Clockwise from top left: Crystal Pite, photo by Michael Slobodian; Lourdes Lopez, photo by Alexander Iziliaev; Michael Trusnovec, photo via Instagram; Ronald K. Brown, photo by Julieta Cervantes

Meet Our 2018 Dance Magazine Award Honorees

Today, we are thrilled to announce the honorees of the 2018 Dance Magazine Awards. A tradition dating back to 1954, the Dance Magazine Awards celebrate the living legends who have made a lasting impact on dance. This year's honorees include:


Ronald K. Brown

At only 18 years old, Ronald K. Brown founded Evidence, A Dance Company, out of a desire to tell the stories of the communities around him. Thirty-three years later, Evidence is now a mainstay in the modern dance world and Brown is a vanguard among choreographers fusing Western modern dance with movement from the African diaspora. In addition to running his own troupe, he's choreographed on such companies as Alvin Ailey American Dance Theater (including 1999's much-beloved Grace) and won an Astaire Award for his choreography on Broadway's Porgy & Bess in 2012.

Lourdes Lopez

Since becoming artistic director of Miami City Ballet in 2012, Lourdes Lopez has successfully built upon its Balanchine legacy while also embracing Miami's unique cultural identity. She first rose to prominence as a principal dancer with New York City Ballet, performing featured roles in works by George Balanchine and Jerome Robbins. Her wide-ranging career has also included stints as a cultural arts reporter on WNBC-TV, a faculty member at such institutions as Barnard College and Ballet Academy East, the executive director of The George Balanchine Foundation, and a co-founder of The Cuban Artists Fund and of Morphoses.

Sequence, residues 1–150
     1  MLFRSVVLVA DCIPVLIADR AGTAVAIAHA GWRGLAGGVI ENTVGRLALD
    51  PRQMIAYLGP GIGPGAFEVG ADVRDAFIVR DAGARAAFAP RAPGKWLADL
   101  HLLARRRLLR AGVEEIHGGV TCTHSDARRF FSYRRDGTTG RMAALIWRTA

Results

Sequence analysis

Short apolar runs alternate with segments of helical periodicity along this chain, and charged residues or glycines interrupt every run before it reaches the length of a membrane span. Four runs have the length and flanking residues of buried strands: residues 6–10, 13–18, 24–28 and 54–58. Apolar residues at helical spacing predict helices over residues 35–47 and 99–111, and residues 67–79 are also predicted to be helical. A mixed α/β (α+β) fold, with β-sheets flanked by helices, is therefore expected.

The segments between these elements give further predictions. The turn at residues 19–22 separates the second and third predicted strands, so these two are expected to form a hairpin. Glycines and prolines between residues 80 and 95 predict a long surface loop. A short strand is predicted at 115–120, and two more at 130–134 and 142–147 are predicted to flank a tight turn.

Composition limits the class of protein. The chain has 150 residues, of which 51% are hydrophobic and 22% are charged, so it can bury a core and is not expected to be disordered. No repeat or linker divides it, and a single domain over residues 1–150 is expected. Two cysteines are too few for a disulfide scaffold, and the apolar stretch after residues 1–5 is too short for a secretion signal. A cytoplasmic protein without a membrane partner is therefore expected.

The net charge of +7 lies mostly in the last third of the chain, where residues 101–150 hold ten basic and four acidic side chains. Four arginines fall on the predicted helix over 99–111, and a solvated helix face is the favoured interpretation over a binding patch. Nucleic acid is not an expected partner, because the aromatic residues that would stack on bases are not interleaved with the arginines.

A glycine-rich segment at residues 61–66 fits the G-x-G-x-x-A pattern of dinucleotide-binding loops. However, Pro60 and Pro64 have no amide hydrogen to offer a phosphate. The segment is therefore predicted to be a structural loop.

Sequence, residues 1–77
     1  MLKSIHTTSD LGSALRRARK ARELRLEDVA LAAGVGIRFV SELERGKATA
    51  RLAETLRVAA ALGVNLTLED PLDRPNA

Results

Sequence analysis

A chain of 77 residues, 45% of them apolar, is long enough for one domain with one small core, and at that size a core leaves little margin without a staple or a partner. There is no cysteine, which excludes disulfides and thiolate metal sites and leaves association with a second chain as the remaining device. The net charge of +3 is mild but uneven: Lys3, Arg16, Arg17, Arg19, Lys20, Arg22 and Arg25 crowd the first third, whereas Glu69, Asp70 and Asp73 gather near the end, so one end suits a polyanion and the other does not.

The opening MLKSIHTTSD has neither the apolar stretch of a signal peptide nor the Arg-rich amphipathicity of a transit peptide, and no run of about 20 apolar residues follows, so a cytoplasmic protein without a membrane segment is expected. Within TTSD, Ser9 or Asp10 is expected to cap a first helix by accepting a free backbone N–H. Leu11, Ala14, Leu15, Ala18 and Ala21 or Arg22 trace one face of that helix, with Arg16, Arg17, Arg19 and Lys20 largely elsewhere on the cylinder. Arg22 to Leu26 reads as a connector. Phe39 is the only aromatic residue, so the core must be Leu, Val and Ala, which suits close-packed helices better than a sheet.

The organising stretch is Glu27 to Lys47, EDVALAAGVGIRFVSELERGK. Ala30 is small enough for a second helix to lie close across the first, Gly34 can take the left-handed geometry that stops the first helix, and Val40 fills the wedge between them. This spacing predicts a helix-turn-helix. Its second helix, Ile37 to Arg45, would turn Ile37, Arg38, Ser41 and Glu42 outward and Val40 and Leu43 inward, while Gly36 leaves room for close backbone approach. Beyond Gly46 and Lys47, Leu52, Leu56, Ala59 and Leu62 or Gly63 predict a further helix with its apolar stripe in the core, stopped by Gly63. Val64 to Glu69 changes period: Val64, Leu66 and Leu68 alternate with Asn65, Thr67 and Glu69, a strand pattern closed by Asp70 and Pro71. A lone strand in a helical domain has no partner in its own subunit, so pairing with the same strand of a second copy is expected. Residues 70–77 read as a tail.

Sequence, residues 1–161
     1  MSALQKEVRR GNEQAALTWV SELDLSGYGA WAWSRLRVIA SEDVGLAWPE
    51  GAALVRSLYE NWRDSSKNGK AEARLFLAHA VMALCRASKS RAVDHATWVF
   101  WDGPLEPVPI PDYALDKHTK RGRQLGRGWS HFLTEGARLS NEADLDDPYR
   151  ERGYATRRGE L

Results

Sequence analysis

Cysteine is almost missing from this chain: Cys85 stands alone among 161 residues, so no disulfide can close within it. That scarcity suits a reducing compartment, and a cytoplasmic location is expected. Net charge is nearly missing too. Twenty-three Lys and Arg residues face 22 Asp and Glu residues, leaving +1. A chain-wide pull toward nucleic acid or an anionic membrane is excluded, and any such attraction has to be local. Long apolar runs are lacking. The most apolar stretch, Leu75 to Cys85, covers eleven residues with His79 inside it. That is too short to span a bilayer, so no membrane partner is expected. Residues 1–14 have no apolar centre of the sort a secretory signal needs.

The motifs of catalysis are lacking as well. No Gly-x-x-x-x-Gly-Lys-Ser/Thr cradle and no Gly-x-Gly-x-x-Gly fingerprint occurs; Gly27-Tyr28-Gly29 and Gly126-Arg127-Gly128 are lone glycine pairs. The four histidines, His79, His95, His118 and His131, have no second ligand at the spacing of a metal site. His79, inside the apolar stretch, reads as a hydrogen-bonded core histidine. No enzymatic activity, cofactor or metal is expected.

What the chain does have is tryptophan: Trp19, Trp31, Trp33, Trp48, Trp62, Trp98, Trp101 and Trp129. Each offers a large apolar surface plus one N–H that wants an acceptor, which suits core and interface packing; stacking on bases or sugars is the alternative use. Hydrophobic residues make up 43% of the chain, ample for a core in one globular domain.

Crystal Pite

Since creating her company Kidd Pivot in 2002, choreographer Crystal Pite has become a critical darling for her dark, mysterious works that powerfully explore the human condition. Her increasingly ambitious productions, some featuring more than 60 dancers, span dance theater to contemporary ballet. A former dancer with Ballet British Columbia and William Forsythe's Ballett Frankfurt, Pite has created more than 50 works for companies like Paris Opéra Ballet, The Royal Ballet and Cullberg Ballet. Today, she is an associate choreographer of Nederlands Dans Theater, associate dance artist of Canada's National Arts Centre and associate artist at Sadler's Wells in London.

Michael Trusnovec

As a member of the Paul Taylor Dance Company for 20 years, Michael Trusnovec has commanded the repertory with authority and artistry. He has excelled in roles as diverse as the tormented and tormenting preacher in Speaking in Tongues; the lyrical central figure in Aureole; the dogged detective in Le Sacre du Printemps (The Rehearsal); and the corporate devil in Banquet of Vultures. His work has been honored with a Bessie Award and he was named the Positano Premia La Danza Dancer of the Year in 2016. Having created 26 roles in Taylor premieres, he now serves as company rehearsal director in addition to being one of PTDC's central performers.

Leadership Award: Nigel Redden